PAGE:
German Grammar: am / um / um

Three little words that are so similar but so different (and cause so much confusion :roll_eyes: :grinning:)

But let’s have a closer look at each one of them:

am” is actually a combination of the words “an dem” (at the). It’s used to describe being at a certain place, which means it’s always linked with Dativ. Would you like to see some examples? Here they are!

  • Ich warte am Bahnhof auf dich. (I’ll wait for you at the main station.) :steam_locomotive:
  • Wir grillen heute am See! (Today we are barbecuing at the lake.) :meat_on_bone:
  • Du arbeitest am neuen Projekt. (You’re working on the new project.) :triumph:

Very similar to “am” is “im”, which is composed of “in” and “dem” (“in” + “the”). It shows that you are in a certain place or indicates a certain time. Let’s put it into practice!

  • Im Haus ist es sehr warm. (It’s very warm in / inside the house.) :fire:
  • Sarah taucht gern im Roten Meer. (Sarah likes to dive in the Red Sea.) :swimming_woman:t4:
  • Im Winter gibt es in Kanada viel Schnee. (There’s a lot of snow in winter in Canada.) :cloud_with_snow:

The preposition “um” is different from the other two. “um” has two meanings. It refers to a certain time (“at” 2 pm) and can also mean “around” when talking about a place. Have a look at the following examples:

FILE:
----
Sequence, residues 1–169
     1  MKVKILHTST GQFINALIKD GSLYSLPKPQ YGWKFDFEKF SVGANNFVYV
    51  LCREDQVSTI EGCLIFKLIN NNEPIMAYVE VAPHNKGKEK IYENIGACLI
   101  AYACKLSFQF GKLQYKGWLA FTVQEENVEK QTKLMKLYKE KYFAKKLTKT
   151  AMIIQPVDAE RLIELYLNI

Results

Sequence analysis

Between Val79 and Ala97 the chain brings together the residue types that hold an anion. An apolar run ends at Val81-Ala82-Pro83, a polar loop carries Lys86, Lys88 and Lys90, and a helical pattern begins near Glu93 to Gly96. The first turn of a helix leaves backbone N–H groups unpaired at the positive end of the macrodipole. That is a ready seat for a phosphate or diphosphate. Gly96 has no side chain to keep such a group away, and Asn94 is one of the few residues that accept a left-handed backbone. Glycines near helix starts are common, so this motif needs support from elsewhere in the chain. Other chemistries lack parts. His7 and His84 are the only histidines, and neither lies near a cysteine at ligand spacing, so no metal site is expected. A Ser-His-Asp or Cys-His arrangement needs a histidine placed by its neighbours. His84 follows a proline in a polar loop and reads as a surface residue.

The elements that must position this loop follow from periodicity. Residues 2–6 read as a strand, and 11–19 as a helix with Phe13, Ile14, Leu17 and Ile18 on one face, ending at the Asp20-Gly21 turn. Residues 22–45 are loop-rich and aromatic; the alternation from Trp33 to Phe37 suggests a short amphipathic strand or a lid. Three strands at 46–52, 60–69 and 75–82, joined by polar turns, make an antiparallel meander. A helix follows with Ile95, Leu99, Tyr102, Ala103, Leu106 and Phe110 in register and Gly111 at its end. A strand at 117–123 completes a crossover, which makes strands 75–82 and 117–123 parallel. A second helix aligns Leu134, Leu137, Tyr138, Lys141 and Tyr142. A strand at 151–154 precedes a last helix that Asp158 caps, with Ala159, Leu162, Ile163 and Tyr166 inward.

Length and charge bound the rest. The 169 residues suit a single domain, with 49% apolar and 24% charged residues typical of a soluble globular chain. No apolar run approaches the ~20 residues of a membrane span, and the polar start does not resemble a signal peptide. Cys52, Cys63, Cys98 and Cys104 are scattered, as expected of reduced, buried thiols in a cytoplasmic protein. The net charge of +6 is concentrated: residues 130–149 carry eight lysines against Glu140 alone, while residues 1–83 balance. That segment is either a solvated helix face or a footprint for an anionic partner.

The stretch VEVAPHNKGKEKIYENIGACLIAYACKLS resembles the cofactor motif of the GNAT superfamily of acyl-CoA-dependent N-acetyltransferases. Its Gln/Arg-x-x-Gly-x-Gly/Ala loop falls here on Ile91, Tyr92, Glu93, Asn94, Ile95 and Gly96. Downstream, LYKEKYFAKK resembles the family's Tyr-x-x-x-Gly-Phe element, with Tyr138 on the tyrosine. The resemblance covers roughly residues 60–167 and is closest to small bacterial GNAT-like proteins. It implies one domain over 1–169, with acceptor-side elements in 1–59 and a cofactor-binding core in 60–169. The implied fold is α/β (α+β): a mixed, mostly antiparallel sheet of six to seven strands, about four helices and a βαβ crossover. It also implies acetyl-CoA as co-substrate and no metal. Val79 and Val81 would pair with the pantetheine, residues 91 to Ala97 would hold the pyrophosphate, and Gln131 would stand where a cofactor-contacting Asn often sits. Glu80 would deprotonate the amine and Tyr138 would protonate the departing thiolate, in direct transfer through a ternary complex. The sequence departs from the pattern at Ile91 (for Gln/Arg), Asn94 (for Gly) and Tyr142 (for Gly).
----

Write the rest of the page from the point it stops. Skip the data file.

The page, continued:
• Wir treffen uns um 18 Uhr. (We’ll meet at 6 pm.) :clock6:
  • Ich habe heute um 14:30 Uhr einen Arzttermin. (Today I have a medical appointment at 2:30 pm.) :syringe:
  • Die Stühle stehen um den Tisch. (The chairs are around the table.) :chair:
  • Morgen laufen wir um den See. (Tomorrow we’ll walk around the lake.) :running_woman:t4:

Great! Now you know how to use those three tricky little prepositions. What about forming a sentence where all three prepositions appear? Just try it! :muscle:t4: :hugs:


This got me thinking about “um” for the first time in my life :sweat_smile:
Reading this, I began to wonder why you left out its meaning of giving a reason (e.g., “Ich lerne Deutsch, um einen Job in Deutschland zu finden”). I wasn’t sure if you didn’t mention it because it may no longer be a preposition when it’s used that way :thinking: So I consulted my good friend Google. I still don’t know if “um” is always a preposition or considered some other word class when you use it to give a reason, but I stumbled upon a very informative site which might be interesting for students interested in “um”:

1 Like

@ameliea I didn’t mention the preposition “um … zu …” because I didn’t want to cause confusion. But the website you linked is great, showing the much more extensive meaning of “um”. :clap:t4:

1 Like

That makes sense :smiley: